Different projects that she originally seeded have now grown and empowered other community members to take the lead. A few years ago, when she was focused on providing services for pregnant teens, another woman got interested. She began teaching them cooking and parenting skills, and now runs that program. Same with the acting troupe.
“And the woman who runs that now—she really takes the kids off the street and gives them a positive place to go and something positive to do,” Elaine remarks. “So little ideas sprout up, and then someone will take it and nurture it from there. I think the main thing is to involve the community. This is not something you can do alone.”
In her own family, she sees her children—now between the ages of 14 and 16—and sister as an incredible blessing.
“I wouldn’t have been able to do a lot of things without them, too, because it takes them sharing their mom with the world,” she points out.
Raising five kids—three with disabilities—is no walk in the park. Yet with a service-hearted mom like Elaine, it’s no surprise that her children have grown to exemplify those same values.
“My kids have been really great with that. Even when there’s homeless kids that come into the program, they embrace them and make them feel welcome. They make sure they’re not ostracized in school. They’ve become like protectors to some of the kids in the community.”
She also shares, “When I see them doing things that I didn’t think to do—that touches me the most. Last Christmas, they came up with the idea of going to a domestic violence shelter and serving them meals—and really, just serving them. Because they’re older now, I think that was something that really touched my heart. They came out there on their own and just wanted to prepare a meal for these families. And just serve them and show them that someone cares for them and loves them.”
From her stories, it’s easy to see how her children simply mirror back the love that she pours out. Her youngest son was diagnosed with brain damage and autism. Doctors said he’d never walk, talk, or live past the age of three. Today he’s fourteen years old and walking, talking, and singing in the church choir.
Parenting for Elaine has also informed the nuances of her social work:
Parenting has taught me how to see the best in people when they’re doing their best. That helps me to look beyond my children to see people that I deal with in my everyday life. A lot of people will look at homeless families and say, “Well, why don’t they just get a job?”
A lot of times, things are just going on in their lives and it’s just not going well right now. We have a lot of homeless people going out there literally every day and putting in applications for jobs. They’ll come to me and say, “Well, why isn’t anybody hiring me?”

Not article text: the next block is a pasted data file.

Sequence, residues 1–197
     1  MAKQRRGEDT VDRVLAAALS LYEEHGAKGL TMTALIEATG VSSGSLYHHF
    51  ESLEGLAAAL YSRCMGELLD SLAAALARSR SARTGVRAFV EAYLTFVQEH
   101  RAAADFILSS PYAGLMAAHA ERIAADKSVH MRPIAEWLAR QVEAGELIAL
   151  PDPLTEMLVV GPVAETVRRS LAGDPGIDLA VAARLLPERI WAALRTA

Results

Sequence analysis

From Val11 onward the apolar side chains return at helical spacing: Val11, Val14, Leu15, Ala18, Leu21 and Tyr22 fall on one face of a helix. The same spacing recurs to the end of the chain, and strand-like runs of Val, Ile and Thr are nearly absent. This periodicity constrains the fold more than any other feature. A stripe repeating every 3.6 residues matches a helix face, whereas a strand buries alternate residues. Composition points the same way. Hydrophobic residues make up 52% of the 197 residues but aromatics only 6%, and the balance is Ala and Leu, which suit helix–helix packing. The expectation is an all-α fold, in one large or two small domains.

You’ve got to find that greatness in them and then just tell them it’ll come. Something great is going to happen. I learn that from watching children push through things. Especially seeing my youngest son—the one with autism—learn to talk and walk. Even though he was almost 7 years old when he first started walking. To really see him do that, it gives you resilience and perseverance. And it takes patience, but greatness comes.
Throughout it all—whether as a mother, a public speaker, thrift store manager, baker, acting teacher, or simply a listening ear, Elaine is an endless reserve of hope, a wellspring of compassion, and a solid pillar of faith.
The morning we spoke, it was a Sunday, and her car had broken down in her church parking lot. Though her sister had to make two trips to bring everyone home and car repairs costs are well above her budget, Elaine carries it all with the buoyancy of gratitude:
I could sit here and carry on and get depressed about all that—but then I think, there are families that don’t have cars. And there are families that don’t have food. I’m blessed that my sister’s here and she has a car—so we have a second car in the home. I have so much and I’m still very thankful and grateful...
Maybe it’s meant for me to walk right now. Maybe in my walking, I’m going to pass somebody who doesn’t know about my services and I could tell them about it and we could help them out.
I just hold on to hope. You just have to. You can’t let it get you down.
To hold on to hope.
“That starts with us,” she says, her voice solid with an unwavering conviction. “People don’t realize that, but it starts with us.”